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"[Sister Carol M. Stephens said,] 'Hope and healing are not found in the dark abyss of secrecy, but in the light and love of our Savior, Jesus,' and after she said that, I just knew I needed to write and share my story about depression."

August 28, 2017
Writer: Sydney Jensen

When BYU-Idaho alumni Shantelle Avery began her struggle with mental illness, she never anticipated she'd ever blog about her experience. 

"From January 2013 until May 2016, I experienced a lot of depression and anxiety," Shantelle Avery, creator, and author of the blog That We Might Have Joy: Finding Joy Through Depression told BYU-Idaho Radio. "By May 2016...I was honestly feeling better and for a few months."

It was during this time, Avery experienced and unexpected prompting during the General Women's Session of General Conference for the Church of Jesus Christ of Latter-day Saints as Sister Carol M. Stephens spoke.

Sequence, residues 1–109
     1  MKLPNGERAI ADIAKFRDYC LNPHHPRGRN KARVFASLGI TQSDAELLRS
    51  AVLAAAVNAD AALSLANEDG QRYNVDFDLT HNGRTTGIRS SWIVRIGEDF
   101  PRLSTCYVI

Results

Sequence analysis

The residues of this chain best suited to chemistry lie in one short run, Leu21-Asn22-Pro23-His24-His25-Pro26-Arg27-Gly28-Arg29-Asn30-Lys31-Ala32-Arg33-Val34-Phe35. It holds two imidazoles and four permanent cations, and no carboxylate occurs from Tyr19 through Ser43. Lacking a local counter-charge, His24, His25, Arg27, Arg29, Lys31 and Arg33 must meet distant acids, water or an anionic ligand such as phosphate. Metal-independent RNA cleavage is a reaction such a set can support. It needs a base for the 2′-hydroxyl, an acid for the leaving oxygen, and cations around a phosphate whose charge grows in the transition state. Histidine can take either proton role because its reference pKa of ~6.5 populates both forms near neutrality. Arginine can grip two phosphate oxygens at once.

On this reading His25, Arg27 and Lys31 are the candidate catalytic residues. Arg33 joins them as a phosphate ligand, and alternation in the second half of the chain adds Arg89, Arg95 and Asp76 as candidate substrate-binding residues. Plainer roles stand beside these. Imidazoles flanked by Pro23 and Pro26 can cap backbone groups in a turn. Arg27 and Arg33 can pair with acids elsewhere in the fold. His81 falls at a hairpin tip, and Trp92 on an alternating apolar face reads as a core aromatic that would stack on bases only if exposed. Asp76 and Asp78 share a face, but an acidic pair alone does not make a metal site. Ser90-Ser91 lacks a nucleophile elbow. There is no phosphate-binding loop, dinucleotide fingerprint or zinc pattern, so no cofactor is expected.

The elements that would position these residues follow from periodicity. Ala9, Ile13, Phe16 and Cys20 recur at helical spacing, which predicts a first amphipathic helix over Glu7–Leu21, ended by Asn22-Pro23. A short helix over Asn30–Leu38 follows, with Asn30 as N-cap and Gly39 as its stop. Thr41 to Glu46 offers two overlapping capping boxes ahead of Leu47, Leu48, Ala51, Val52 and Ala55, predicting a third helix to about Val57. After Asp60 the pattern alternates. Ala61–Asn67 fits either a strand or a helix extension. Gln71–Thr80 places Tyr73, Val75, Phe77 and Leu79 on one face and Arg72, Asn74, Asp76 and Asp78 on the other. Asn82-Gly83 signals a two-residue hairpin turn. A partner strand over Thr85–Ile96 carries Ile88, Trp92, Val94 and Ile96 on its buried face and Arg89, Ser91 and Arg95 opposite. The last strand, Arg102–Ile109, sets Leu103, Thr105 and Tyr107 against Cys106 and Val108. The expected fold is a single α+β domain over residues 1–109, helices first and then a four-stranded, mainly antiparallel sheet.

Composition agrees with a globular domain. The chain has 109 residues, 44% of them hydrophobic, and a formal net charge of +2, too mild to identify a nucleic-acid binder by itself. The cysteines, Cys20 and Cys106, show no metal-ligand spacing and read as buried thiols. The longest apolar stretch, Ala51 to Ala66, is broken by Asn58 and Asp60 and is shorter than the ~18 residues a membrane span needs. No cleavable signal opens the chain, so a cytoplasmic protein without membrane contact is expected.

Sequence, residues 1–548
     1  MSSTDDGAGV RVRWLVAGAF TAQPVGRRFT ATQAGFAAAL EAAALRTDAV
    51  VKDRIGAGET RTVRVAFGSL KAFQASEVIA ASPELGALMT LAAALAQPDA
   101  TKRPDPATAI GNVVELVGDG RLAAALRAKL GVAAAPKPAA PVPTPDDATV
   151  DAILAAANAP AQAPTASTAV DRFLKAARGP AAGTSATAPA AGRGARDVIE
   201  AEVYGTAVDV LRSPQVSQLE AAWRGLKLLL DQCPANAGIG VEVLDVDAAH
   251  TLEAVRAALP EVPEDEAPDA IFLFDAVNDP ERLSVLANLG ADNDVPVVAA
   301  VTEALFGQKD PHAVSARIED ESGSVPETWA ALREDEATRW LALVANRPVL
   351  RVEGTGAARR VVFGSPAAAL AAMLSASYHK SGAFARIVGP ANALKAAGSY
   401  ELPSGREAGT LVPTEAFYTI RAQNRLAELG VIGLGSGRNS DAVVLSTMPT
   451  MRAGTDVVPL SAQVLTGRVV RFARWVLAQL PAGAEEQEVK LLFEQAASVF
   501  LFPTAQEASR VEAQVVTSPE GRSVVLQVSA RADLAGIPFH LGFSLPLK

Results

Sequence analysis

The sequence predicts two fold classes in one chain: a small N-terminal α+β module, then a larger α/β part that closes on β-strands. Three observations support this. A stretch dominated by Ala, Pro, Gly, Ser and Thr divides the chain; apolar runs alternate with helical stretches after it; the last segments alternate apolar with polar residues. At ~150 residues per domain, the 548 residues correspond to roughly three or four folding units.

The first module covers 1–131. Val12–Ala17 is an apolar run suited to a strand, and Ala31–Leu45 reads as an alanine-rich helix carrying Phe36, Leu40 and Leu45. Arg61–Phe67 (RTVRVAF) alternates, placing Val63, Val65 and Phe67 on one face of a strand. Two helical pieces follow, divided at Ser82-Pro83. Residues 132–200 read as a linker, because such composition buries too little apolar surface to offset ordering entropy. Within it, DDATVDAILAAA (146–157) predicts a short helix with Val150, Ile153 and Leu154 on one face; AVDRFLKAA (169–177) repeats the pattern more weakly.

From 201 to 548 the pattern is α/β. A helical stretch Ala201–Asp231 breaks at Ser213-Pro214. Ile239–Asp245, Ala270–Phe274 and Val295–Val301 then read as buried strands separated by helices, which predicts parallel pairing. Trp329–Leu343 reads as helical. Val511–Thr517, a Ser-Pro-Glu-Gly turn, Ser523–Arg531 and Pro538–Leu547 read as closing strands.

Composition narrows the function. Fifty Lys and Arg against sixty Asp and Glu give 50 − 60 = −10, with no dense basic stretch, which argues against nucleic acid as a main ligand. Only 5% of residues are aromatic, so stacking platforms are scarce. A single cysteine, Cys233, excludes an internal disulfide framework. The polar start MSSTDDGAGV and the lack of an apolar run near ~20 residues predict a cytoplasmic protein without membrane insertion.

"[Sister Carol M. Stephens said,] 'Hope and healing are not found in the dark abyss of secrecy, but in the light and love of our Savior, Jesus,' and after she said that, I just knew I needed to write and share my story about depression," Avery said.

Her blog, That We Might Have Joy: Finding Joy in Depression, initially began with Avery's own experiences, but soon branched out to others sharing their stories of finding joy in their tough times whether it be child loss, terminal illnesses, divorce, etc. 

"I started asking for stories and people started writing them and now there have been over 40 stories," Avery said.

Avery says she's had a few notable names, like Meg Johnson who's story of triumph after falling off a cliff and facing a new life of paralyzation, has been shared all over the world. These stories, Avery says, have been deeply inspiring for her, but she also loves to hear the stories of people who may not have such worldwide recognition or reach. 

"One thing that I enjoy is finding the stories of ordinary people, not just people that are notable because I think everyone has a story and a lot of people don't have a way of sharing that story," Avery said. "People have said, 'this story helped me because of the feelings this person described,' or 'because of their experience and it was close to mine,' or different things. I think just people feeling like they're not alone."

You can access the blog or Facebook page here.

Shantelle Avery's full interview can be heard below.